SAN JOSE, Calif. -- One of the NHL's most polarizing figures of the past decade pinched his eyes to try to stop the tears, the hugs from his family members only making it harder to do so.
Phil Kessel, Stanley Cup champion, playoff warrior, and now forever more seen in a different light.
"I mean, it's an unbelievable feeling, obviously it's special," said the teary-eyed Kessel as his Pittsburgh Penguins teammates celebrated with friends and family Sunday night on the ice at SAP Center following a 3-1, Game 6 win over the San Jose Sharks.
"It's been a journey," Kessel later added, a lump in his throat.
Booed out of Boston and then out of Toronto, the much-maligned and perhaps misunderstood Kessel was clutch all spring long, leading the Penguins in scoring with 22 points (10-12) in 24 games.
This is the player whom Penguins GM Jim Rutherford thought he would get 12 months ago when he traded for him from the rebuilding Toronto Maple Leafs, a deal that generated mixed reviews.
"I'm not surprised, he's a special player," Rutherford said Sunday night amid the jubilation on the ice. "It's hard to score goals in this league. We wanted to add a goal scorer. And when [Evgeni] Malkin got hurt down the stretch and still a question of who was going to be in the playoffs, Phil Kessel really was an impact player for us. And all through the playoffs again. I'm so happy for him because you know, his years in this league haven't been easy. Now he's got his name on the Cup."
Penguins owner and Hall of Famer Mario Lemieux credited Rutherford after the Cup win Sunday night.
"He deserves a lot of the credit, starting with the Phil Kessel trade," Lemieux said. "That was a big piece. You saw how he played in the playoffs, just an amazing competitor."
It's also the player Brian Burke always believed was there, the former Maple Leafs GM taking so much grief for the deal that brought him to Toronto back in 2009.
"Phil had a great playoff, it was cool to watch him lift the Cup after all that frustration in Toronto," Burke, now president of hockey operations for the Calgary Flames, said via text message Sunday night. "I never doubted that he could play at this level when it mattered most."
Even sweeter for Rutherford and the Penguins is that the Leafs are paying $1.2 million a year of his $8 million cap hit. At a $6.8 million cap hit, Kessel was easily worth every dime in his first year in Pittsburgh.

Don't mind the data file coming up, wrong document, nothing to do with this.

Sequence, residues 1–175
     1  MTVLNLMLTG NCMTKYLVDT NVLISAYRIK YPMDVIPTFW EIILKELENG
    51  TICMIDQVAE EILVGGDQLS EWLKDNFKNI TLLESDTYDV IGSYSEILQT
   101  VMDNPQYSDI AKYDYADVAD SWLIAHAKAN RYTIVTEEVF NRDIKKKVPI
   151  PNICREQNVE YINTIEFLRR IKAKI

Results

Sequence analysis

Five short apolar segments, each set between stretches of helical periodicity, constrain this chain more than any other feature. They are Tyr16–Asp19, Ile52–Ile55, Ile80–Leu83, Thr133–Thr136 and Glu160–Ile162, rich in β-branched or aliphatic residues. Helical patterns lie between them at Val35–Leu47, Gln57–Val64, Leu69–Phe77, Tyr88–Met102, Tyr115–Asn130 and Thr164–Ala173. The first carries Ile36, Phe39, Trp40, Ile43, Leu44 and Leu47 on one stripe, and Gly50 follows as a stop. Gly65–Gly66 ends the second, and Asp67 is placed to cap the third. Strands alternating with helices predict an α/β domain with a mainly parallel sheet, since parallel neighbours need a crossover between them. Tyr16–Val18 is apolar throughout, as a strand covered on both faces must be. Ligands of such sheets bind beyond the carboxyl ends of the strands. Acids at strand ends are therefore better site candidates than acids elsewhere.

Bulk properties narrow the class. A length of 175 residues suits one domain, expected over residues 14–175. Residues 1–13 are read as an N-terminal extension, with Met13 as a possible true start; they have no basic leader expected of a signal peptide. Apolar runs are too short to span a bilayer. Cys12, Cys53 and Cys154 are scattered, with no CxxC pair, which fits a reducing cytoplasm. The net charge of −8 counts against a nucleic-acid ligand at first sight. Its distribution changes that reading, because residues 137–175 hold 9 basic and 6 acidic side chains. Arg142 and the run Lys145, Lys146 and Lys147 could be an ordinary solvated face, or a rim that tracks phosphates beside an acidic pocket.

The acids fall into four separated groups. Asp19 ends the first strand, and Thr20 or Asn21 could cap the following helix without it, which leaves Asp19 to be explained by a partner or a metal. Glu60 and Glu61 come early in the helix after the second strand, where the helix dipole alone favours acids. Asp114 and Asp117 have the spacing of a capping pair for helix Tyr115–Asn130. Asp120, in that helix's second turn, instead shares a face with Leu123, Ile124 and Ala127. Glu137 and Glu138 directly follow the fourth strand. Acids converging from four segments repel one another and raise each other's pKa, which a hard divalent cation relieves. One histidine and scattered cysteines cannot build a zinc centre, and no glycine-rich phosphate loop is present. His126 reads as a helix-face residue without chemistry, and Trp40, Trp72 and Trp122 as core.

"I'm obviously happy for me, but the next guy I'm happiest for would be Phil," linemate Nick Bonino said of winning a Stanley Cup. "He's a great guy. He's such a great guy to play with, to be around. He gets a bad rap and I don't know why. He continually scores goals and in the big moments in the playoffs, he puts up points and he does what he can to help the team win.
"Not sure where that stigma comes in, but I hope this quiets down most of it."
Captain Sidney Crosby was absolutely the right choice for the Conn Smythe Trophy as the two-month playoff MVP, the superstar center's impact in all areas of the game unreal night in and night out.
But there is also no Cup for the Penguins without the HBK line's contributions, Bonino between Kessel and Carl Hagelin an incredible force all spring long.
"We all played for each other," Kessel said of his line. "We knew where each other was going to be. We just found a way."
A year ago when Kessel was dealt to Pittsburgh, Crosby reached out to the 28-year-old Wisconsin native with words that proved to be prophetic.
"He said they were excited have me, 'We're going to try and win a Cup.' And we got it done," Kessel said, smiling.
Lifting Lord Stanley's mug over his shoulders, Kessel wasn't ready for thing.
"It was way heavier than I thought it was going to be," he said, chuckling. "It's so special. You dream your whole life for this."
From persona non grata in Toronto 12 months ago to key contributor in a Stanley Cup march in Pittsburgh -- just unreal, right?
"I mean, how can you ask for anything better than this?" Kessel said. "Winning the Cup is what you dream of and what you play for."